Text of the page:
Number of samples there were to have observed s from the sub-population | n = InvHypergeo(s,D,M) | Where the last sample is known to have been from the sub-population |
Number of samples n there were before having observed s from the sub-population | f(n)\propto \frac{n!(M-n)!}{(n-s)! (M-D-n+s)!} | Where the last sample is not known to have been from the sub-population. This uncertainty distribution needs to be normalized. |
Size of sub-population D | f(D) \propto \frac{D!(M-D)!}{(D-s)! (M-D-n+s)!} | This uncertainty distribution needs to be normalized. |
Size of population M | f(M)\propto \frac{(M-D)! (M-n)!}{M! (M-D-n+s)!} | This uncertainty distribution needs to be normalized. |
Useful Excel Functions:
Use | Function | Explanation |
Hypergeometric probability | =HYPGEOMDIST(x,n,D,M) | The hypergeometric probability of observing exactly s in a sample of size n that come from sub-population D in a total population M. |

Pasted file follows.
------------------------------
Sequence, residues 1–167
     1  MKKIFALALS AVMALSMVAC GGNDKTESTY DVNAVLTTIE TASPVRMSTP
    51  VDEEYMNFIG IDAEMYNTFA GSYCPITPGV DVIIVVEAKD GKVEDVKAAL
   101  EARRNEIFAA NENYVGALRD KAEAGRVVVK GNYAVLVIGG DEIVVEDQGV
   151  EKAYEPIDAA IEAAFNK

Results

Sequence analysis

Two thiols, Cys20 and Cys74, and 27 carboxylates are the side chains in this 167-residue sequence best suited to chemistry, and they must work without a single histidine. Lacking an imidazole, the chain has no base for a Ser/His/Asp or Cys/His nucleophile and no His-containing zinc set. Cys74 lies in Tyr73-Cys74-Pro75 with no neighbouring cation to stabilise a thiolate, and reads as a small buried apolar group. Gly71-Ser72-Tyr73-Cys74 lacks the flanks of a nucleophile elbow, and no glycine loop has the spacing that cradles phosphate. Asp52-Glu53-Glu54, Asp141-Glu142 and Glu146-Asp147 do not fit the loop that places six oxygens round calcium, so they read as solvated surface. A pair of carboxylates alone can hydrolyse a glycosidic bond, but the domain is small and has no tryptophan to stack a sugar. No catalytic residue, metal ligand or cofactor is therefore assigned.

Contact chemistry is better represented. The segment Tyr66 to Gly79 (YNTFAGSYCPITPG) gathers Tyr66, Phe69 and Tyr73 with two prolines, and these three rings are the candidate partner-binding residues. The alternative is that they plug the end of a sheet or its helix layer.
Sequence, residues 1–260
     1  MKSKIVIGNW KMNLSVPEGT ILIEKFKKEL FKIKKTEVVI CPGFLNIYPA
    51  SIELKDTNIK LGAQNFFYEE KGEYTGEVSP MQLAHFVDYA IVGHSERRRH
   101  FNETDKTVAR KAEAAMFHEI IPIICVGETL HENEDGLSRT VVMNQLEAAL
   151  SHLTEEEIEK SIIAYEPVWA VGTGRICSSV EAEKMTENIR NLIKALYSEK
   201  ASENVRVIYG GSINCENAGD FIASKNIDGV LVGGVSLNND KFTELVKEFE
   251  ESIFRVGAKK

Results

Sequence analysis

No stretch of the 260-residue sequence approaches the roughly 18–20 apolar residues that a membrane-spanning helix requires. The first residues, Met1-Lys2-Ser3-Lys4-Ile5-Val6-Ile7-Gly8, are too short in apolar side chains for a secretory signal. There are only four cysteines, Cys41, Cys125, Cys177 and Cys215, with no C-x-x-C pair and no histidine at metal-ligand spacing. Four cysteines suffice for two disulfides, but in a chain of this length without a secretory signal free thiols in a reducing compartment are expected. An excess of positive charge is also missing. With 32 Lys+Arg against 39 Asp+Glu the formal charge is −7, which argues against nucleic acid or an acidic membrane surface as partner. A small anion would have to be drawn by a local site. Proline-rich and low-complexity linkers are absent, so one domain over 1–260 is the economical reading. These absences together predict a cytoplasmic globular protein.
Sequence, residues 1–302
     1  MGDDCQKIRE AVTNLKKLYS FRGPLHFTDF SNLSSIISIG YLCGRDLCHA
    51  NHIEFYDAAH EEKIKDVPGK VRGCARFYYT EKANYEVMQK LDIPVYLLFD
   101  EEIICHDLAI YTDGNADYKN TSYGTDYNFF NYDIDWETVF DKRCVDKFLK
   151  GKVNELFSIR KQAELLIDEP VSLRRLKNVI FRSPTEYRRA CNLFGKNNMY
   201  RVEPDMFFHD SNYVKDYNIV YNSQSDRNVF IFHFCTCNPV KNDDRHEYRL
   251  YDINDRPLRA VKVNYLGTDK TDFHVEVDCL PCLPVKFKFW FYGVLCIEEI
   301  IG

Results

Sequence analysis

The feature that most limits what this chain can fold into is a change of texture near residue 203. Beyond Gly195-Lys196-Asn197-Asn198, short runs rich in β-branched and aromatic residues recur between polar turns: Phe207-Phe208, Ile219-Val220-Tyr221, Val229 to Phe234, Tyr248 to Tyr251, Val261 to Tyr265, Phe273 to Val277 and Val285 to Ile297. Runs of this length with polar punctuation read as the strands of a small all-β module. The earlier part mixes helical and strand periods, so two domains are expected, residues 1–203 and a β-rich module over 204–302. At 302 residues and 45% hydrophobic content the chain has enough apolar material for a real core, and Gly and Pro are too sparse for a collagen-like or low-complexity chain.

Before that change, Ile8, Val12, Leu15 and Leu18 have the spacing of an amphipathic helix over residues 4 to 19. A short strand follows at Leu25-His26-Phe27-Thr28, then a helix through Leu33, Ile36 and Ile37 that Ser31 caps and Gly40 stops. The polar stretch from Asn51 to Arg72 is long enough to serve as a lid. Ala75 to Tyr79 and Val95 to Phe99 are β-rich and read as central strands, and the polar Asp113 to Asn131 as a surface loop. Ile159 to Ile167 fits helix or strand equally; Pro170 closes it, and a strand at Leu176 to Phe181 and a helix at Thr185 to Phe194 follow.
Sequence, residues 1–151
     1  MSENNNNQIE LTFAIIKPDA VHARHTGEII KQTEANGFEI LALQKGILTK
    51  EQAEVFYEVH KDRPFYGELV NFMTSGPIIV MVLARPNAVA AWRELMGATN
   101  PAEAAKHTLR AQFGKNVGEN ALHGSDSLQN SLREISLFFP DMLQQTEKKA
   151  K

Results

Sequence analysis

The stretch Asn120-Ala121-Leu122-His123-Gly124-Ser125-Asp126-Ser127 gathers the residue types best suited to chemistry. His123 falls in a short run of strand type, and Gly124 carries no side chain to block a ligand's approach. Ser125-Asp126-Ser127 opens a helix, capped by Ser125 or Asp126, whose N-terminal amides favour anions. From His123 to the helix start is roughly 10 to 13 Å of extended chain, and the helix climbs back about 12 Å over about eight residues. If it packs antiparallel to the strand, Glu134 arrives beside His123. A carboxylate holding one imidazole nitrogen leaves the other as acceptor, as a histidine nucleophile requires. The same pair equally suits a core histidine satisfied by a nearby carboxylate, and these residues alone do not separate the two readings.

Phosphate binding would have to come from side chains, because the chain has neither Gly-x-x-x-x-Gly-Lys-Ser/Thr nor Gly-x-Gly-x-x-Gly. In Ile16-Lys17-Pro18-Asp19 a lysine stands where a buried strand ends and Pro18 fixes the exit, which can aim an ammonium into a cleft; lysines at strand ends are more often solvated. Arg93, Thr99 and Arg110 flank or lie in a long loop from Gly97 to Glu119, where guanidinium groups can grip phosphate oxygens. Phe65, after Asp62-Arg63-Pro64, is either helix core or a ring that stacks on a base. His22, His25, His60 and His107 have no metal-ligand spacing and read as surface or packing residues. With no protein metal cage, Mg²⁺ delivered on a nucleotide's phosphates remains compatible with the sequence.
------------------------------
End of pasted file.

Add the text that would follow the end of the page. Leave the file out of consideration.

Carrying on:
Combinations | =COMBIN(n,x) | The binomial coefficient _{n}C_{x} = n!/(s!(n-s)!) |
Factorial | =FACT(x) | x! |
The Hypergeometric Process
Description
The hypergeometric process occurs when one is sampling randomly without replacement from some population (as opposed to sampling with replacement in the Binomial Process), and where one is counting the number in that sample that have some particular characteristic. This is a very common type of scenario. For example, population surveys, herd testing, and lotto are all hypergeometric processes. In many situations, the population is very large in comparison to the sample and we can assume that if a sample was put back into the population, the probability is very small that it would be picked again. In that case, each sample would have the same probability of picking an individual with a particular characteristic: in other words this becomes a binomial process. When the population is not very large compared to the sample (a good rule is that the population is less than ten times the size of the sample) we cannot make a binomial approximation to the hypergeometric. This section discusses the distributions associated with the hypergeometric process.